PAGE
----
Kieren Fallon - The Biography
By Alan Russell
A sentence on the inside of the fly cover of this book sums up Kieren Fallon’s career in the saddle:
‘Triumph and disaster have been inseparable companions in Fallon’s controversial career.’
When I mentioned to some friends that I had read this book all of their responses were negative about the him.
‘Oh, the one who fixed races.’
‘Never backed anything he rode, never sure if he was going to try or not.’
‘Didn’t he get banned for drugs?’
I guess their responses are a reflection of our almost morbid interest in bearing witness to see heroes fall and have their weaknesses and frailties exposed that we have a pathological dread of suffering from ourselves. And in despite of being cleared in the Old Bailey in the Top Cees case. All of these responses came from people who follow racing to varying degrees.
What none of them knew about, and I will admit to as well, is exactly where Kieren Fallon came from.
He was born into a non-racing family in very rural Ireland. From an early age he knew he was going to be a jockey. It was not a question of flippantly saying ‘I want to be a jockey’. It was very much ‘I am going to be a jockey’. As his family did not have any horses on their small farm the only quadrupeds he could ride and dream about crossing the winning line at Epsom or Ascot were bovine and not equine. Kieren was small for his age but because he had been helping on the farm, he was able to build an enormous core strength which was to pay handsome dividends when he reached his career destination. Always a sports person rather than an academic he preferred the hurling pitch to the classroom. Even joining a boxing club which involved a weekly fourteen mile round trip walk without complaint to and from the training venue. In one boxing competition he was drawn against an opponent much bigger than himself. His coach tried to dissuade him from entering the ring.
‘He’s got two hands, same as me’ was the response before his opponent was counted well and truly out before the end of the third round.
The triumphs in the saddle started on 19th June 1984 at Navan racecourse on a nervous mount named Piccadilly Lord. That was important as any first winner for any jockey is. But it was important as it confirmed that Kieren Fallon had a natural gift as a rider to settle and relax the most nervous of horses. In the business they call this ‘having soft’ or ‘good hands’. That first success was followed by six UK Jockey Championships, three Epsom Derbys, four Oaks, two Arc de Triomphes, numerous other Group 1 wins and achieving a peak of 204 winners in 1998 one the years he won the championship.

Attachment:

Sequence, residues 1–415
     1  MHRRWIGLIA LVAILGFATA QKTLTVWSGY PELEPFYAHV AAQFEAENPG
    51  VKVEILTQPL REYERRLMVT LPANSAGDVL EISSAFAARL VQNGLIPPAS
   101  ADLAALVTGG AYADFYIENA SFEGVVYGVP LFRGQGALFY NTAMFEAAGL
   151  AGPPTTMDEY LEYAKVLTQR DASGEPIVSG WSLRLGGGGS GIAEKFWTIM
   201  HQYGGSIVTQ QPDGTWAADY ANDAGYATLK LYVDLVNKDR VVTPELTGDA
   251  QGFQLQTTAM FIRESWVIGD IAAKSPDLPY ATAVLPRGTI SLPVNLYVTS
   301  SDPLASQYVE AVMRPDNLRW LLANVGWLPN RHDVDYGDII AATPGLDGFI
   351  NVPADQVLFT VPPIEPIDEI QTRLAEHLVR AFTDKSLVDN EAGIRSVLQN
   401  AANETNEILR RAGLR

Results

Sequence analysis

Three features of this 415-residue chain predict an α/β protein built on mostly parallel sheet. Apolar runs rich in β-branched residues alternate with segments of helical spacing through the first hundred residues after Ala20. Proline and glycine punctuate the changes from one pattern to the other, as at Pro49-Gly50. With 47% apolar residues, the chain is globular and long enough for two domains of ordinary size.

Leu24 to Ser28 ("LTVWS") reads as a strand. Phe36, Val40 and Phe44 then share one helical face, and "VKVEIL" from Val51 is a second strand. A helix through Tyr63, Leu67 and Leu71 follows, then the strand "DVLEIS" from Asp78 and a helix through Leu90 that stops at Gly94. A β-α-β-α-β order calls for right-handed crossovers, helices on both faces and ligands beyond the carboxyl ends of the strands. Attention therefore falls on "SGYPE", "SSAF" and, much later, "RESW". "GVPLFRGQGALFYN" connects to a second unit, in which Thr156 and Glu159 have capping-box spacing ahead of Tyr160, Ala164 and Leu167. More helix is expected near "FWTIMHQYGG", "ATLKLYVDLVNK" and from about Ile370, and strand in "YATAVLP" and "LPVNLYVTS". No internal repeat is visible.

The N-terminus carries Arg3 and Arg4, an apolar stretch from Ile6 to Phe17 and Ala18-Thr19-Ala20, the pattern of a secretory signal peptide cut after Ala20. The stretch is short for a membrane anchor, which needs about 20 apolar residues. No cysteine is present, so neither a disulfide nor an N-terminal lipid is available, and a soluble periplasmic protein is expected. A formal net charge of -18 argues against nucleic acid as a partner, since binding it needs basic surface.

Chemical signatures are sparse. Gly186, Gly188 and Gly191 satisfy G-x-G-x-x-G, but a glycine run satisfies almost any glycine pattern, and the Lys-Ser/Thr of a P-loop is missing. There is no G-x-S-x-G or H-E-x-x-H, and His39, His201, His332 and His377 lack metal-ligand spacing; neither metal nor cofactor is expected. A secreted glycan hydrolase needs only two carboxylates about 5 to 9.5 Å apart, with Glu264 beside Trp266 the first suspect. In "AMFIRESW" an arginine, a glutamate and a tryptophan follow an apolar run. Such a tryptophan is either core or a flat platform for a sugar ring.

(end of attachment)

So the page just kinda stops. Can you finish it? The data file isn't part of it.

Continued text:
The book touches on the grunt work and pain that top jockeys, like all sports success stories, have to go through in varying forms of punishment between their own triumphs. For a top jockey the battle against the scales, maintaining fitness and the countless miles in the car chasing winners from Musselborough in Scotland to Goodwood on the Sussex Downs and every course in between where there may not be the glamour of the major meetings or the prize money but the prospect of riding a winner. Sometimes riding up to 12 horses a day competitively which is a feat plus two or three exercise rides in the morning before competition begins. There is no other sport that works at that level seven days a week. That is the driver, the motivator, the drug, the addiction that keeps them going. Footballers play three times a week at the very most. Rugby players much the same. Tennis players in tournaments daily as they work through the rounds. All of them only compete once a day and in one place. Any travelling they do is without the pressure of getting to different venues to work let alone getting to at least two different venues a day, sometimes during the height of the season.
Take away that stimulant and unless they have a strong will, strong support away from racing and the slightest chink in their psychological strength something else will sweep in to replace it. From that aspect I think that all of us do have addictive traits within us but we are able to sublimate them through our own lives that are not run at such a frenetic pace as a top jockey.
When I saw Kieren Fallon being dragged through the courts, picking up suspensions for drugs and hearing he had gone into rehab for alcohol I couldn’t understand why someone who has such a talent always seemed to be on the edge of disaster. Then, after reading this and getting an insight to his background, his climb to the top and his fights to stay there my views changed. They changed from bewilderment almost to empathy as I tried to visualise what I would have done given a chance to live through the experiences he has. What would my reactions be? What weaknesses in my own personality would be opened to the world? The book almost puts the reader into his shoes and boots. It then brought to mind ‘There but for the grace etc……’.